Pack picnic fixings and either sunscreen or a parasol as well as some patience for crowds if you visit in high season.

DAY 7: This is your day to visit Malta’s Three Cities: Birgu (Vittoriosa), Senglea (Isla) and Bormla (Cospicua), located on three promontories just across the harbor from Valletta.

Focus on Birgu. The original home of the Knights of Malta, it was where they made their stand during the Great Siege. Highlights include the extensive Fort St. Angelo, the Malta at War Museum, the Inquisitor’s Palace and the Malta Maritime Museum.

Reaching Birgu by water requires taking a ferry from Valletta or hiring a small boat. The embarkation point is best reached by taking the elevator down from the Upper Barraka Gardens. Buses also make the trip, but they weave around the bays and take much longer.

DAY 8: You might also wish to spend a day scuba diving or snorkeling. Both Malta and Gozo (particularly the latter) have some amazing dive sites, including historic wrecks, for divers of all levels of experience. Many companies and operators can help you make the arrangements.

Here is some general information.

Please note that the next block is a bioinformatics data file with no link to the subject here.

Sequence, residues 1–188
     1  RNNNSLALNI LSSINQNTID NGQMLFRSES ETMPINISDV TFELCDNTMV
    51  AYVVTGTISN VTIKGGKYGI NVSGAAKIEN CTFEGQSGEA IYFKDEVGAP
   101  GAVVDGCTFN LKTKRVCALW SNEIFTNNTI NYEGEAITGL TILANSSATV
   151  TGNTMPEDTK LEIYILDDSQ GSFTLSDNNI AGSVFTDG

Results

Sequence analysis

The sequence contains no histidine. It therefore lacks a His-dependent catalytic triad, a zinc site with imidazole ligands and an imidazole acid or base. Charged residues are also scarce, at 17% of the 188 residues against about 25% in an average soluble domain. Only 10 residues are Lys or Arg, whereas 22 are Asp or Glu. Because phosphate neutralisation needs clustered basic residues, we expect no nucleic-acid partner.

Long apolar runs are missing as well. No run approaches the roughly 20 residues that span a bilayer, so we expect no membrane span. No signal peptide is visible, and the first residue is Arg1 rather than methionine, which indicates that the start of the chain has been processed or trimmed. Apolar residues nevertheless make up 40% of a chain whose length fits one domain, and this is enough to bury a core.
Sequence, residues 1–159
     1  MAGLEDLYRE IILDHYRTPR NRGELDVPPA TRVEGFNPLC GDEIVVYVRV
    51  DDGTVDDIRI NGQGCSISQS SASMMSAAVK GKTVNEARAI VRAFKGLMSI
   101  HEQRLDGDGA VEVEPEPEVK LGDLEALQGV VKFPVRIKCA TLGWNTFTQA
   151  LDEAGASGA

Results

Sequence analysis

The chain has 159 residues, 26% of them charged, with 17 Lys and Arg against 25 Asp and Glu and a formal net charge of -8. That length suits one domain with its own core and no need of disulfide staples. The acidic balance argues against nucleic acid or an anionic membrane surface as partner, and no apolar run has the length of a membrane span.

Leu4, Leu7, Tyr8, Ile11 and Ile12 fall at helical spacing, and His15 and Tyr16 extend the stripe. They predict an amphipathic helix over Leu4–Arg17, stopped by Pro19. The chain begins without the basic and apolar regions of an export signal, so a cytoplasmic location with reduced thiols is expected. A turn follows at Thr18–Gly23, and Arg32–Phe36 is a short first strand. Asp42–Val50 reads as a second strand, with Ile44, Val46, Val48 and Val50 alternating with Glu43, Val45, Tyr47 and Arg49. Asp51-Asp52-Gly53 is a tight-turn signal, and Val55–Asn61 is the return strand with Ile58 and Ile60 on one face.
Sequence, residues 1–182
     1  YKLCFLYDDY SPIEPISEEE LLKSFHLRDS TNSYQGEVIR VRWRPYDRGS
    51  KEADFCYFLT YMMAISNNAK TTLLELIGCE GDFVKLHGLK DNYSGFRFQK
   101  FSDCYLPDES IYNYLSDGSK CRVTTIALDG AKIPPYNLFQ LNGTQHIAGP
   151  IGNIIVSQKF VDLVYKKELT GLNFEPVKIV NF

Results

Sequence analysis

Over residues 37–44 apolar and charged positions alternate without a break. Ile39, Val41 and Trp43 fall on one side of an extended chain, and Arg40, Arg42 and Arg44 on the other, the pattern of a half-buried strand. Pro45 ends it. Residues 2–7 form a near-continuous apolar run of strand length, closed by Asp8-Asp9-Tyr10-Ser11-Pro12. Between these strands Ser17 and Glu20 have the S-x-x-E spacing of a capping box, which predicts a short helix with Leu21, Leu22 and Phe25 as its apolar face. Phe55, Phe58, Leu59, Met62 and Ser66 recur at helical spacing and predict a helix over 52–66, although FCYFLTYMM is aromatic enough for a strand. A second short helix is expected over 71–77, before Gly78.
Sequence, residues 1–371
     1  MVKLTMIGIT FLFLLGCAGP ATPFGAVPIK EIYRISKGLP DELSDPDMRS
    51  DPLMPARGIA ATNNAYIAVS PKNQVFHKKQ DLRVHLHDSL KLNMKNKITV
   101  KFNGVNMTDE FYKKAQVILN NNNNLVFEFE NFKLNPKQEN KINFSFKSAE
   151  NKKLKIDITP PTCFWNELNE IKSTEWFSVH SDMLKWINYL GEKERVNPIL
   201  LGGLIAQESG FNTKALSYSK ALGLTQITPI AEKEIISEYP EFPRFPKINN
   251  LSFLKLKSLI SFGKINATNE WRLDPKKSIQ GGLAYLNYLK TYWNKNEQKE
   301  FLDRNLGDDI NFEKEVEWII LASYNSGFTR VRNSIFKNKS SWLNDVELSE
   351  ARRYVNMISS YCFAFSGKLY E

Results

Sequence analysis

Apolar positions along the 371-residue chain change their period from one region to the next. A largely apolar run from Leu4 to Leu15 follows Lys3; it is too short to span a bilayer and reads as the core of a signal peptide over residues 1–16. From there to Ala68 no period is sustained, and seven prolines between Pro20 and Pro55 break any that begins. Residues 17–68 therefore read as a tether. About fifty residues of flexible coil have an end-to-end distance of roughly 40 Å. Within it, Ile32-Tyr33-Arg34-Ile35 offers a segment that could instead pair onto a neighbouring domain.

MUSEUMS – Malta has a lot of museums, many of which are worth visiting despite being modest in size. Museum passes offer significant savings, and there are many choices. Buy them online or, better yet, ask at your first museum to see if, in light of your plans, any of the combination passes are really worth it.

TRANSPORTATION – The classic historical buses have been replaced by modern vehicles, but there are routes to every corner of the islands. Tickets and transport passes can be purchased for set numbers of days or rides on the bus. The only limitation is that many routes are centralized in the capitals, Valletta and Victoria.

Renting a car is easy, but driving in Malta is on the left side of the road, and there are many traffic circles.

An endless selection of tours can take you to different combinations of destinations, and they’re easily arranged. Keep in mind, however, that they usually follow strict schedules, may need to pick up guests from different locations and may not provide as much time as you wish at each site.

If you want to maximize time and efficiency and don’t mind paying a little extra for transport, download the applications for the cab service Bonju Rides ( or Bolt Taxi ( and order your own rides. For a small group, this is an excellent option, since distances are not great and any shared costs are fairly reasonable.

WHEN TO VISIT – Malta does a great job of taking care of visitors, but capacity is limited, so timing your visit is important. The best months to visit are March through May and September through October. Expect large crowds during the summer peak season and on holidays.

WHERE TO STAY – The most convenient place to base is Valletta, but a considerably less expensive option is Sliema, across the bay, which has many hotels, apartments, restaurants and shops in all budget ranges. To reach Sliema from Valletta, take a short ferry ride or a bus. Routes run regularly.

Enjoy Malta!